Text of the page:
Yet there are reasons to believe that our July prediction might understate the impact on fertility. Ongoing school closures are putting tremendous strain on families that may reduce their willingness to have more children. Restrictions on public gatherings and social encounters might mean fewer new couplings that could lead to pregnancies, intended or otherwise. The extended nature of this crisis also is likely to create large structural changes in the economy; a sizable share of the jobs lost will be permanent. The longer the duration of the income loss that workers expect, the more likely it is that delayed births will never happen. We did not attempt to make any predictions based on these additional factors because we had no previous context or data from which to draw empirical conclusions.
It will still be several months before data will be available on the number of post-pandemic births that we can use to begin to assess our forecast. In the meantime, we have revisited our prediction based on the most recent evidence available. As of now, we stand by our prediction of a COVID baby bust of around 300,000 fewer births. But the longer the pandemic lasts, and the deeper the economic and social anxiety runs, it is feasible that we will see an even larger reduction in births with an increasing share of them averted permanently.

30 Writing Prompts about Love: What is a writing prompt?

A prompt is a writing exercise in the form of a single word, phrase, or even a photo used as a starting point to focus and practice creative writing. This exercise is important for writers of any level to expand their craft and explore new grounds. It can be the inspiration behind an idea, an article, or even a whole work of fiction. The point is to begin writing whether it is on the specific topic of the prompt or an entirely different one that you wander to.
Why use writing prompts?
Overcome writer’s block. There is nothing more daunting than a blinking cursor on your screen. Whether you are in the middle of your piece or trying to come up with something new, a prompt can get you going in a new direction. Resetting your brain to a new angle can be just what you need to finish your work or turn on a creative light bulb.
Expand creatively. Working with prompts can actually be a great way to start building your own ideas. Some prompts can lead you to new avenues that you have not yet explored as a writer. The more you wander into new territories, the more imaginative and creative your writing can be. In addition, the materials you end up writing following a prompt can in fact prove to be worth pursuing. You never know what could come out once you start writing, sometimes, it can be way more than you expected.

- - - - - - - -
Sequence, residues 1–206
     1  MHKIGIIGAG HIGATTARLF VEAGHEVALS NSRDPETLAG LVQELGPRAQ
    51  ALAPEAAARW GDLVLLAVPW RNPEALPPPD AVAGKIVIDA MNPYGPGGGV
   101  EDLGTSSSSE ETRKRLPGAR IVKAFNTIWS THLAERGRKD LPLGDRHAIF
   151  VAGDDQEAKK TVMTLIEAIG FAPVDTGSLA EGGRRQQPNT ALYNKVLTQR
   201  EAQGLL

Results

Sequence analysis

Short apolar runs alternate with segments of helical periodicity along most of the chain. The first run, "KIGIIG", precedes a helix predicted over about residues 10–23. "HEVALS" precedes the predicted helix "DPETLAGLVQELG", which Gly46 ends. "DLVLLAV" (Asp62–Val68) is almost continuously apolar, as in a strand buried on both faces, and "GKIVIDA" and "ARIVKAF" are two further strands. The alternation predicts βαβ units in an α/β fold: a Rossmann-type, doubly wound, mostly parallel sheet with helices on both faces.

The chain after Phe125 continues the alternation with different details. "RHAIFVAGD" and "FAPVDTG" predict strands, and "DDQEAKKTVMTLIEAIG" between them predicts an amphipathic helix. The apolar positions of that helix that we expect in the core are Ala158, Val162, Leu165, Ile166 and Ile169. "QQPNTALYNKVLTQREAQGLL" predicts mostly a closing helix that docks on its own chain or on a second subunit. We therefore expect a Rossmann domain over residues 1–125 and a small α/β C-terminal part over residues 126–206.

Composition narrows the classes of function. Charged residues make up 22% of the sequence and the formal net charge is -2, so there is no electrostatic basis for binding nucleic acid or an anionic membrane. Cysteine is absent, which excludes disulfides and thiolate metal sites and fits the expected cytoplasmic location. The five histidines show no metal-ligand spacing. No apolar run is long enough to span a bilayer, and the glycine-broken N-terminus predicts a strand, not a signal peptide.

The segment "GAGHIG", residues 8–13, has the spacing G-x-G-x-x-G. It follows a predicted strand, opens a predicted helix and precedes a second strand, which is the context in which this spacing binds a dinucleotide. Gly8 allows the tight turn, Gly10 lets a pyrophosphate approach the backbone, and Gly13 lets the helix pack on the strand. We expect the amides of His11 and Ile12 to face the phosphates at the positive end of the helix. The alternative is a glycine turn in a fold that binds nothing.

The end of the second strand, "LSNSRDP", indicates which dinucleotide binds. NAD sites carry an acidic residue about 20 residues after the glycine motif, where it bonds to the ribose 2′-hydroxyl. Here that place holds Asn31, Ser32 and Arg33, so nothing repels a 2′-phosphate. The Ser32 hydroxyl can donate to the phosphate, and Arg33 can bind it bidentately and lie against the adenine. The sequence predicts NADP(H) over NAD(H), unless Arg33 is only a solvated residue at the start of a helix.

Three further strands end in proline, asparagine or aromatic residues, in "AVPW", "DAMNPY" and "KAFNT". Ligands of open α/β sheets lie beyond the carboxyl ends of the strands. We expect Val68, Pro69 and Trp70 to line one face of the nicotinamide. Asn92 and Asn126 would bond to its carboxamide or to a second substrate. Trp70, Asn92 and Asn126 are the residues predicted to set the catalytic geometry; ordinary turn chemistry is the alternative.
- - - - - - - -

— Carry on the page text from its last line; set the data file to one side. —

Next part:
Form a habit. If you are an aspiring writer, you might be struggling with making a habit out of writing or finishing your pieces on time. Doing more and more writing exercises can be genuinely beneficial to improve your skills as well as help you write more regularly. The more you train your brain using these prompts, the easier you will find writing to be.
Get immersed in the community. During your search for writing prompts, you will encounter many blogs, forums, and Facebook groups that share ideas, review writing and offer support. Getting involved in these communities can be great for any writer in order to meet like-minded people and form meaningful relationships with fellow writers.
30 writing prompts about love and relationships
Writing about love may seem trivial to some, but it is actually one of the most sought-after genres of fiction. Love is at the core of the human condition, and it is what drives us to do a lot of what we do even if it is irrational or strange. That’s why love is at the center of any powerful story from Wuthering Heights to Star Wars.

It is not the easiest thing to write about love especially with so many clichés out there. To write a realistic and moving love story, whether it is romantic or Platonic, a writer must dig deep within themselves and be truly vulnerable in their expression. It means to look past the clichés and tropes and find the truth between characters.

Even if writing about love is not your forte or your preferred genre, a spice of love in your horror, thriller, or adventure piece of fiction is necessary for an emotional dimension to your storytelling.
So without further ado, here are 30 writing prompts that can inspire your next piece of writing:

  • Friends with benefits: happily ever after or a terrible idea?
  • Enemies forced to work on a common goal: will they or won’t they?
  • Their break up was a mistake but is it too late?
  • They are from different worlds. Can they find a way?
  • Lies have corrupted their relationship. Is there room for a second chance?
  • Forced apart by reasons beyond their control. Will they ever find their way back?
  • Afraid of rejection: what happens when you risk it all for love?
  • Fighting for a cause: romance within the wreckage
  • What happens when they reveal their true supernatural selves?
  • When time travel and love collide in a single second. Can they find each other?
  • They found love in a lucid dream. Can it become a reality?
  • Can love survive with a workaholic partner?
  • How to hold on to the person of your dreams?
  • How to choose the perfect partner for you?
  • How to make your partner feel loved?
  • Signs your relationship is healthy
  • Red flags that mean you need to run from your relationship
  • How does love make you a better person?
  • How can an unhealthy relationship affect you?
  • Communication: the key to a successful relationship
  • Love clichés that actually ring true
  • Unexpected places to meet new people
  • Finding love in a hopeless place
  • The most challenging parts of maintaining a relationship
  • The unforgivable sins of love, lust, and betrayal
  • How to save a failed relationship?
  • Can long distance really work?
  • How to revive romance in a dead relationship?
  • How to heal a broken heart?
  • The power of ‘I love you’

Love is all around us wherever we look. From the love our mothers give us to the support we shower our friends with finding the one, love is an essential part of your story. When you write characters, love has to be part of their story too. These prompts can help you find the angle of romance in your fiction piece or inspire you to write your own version.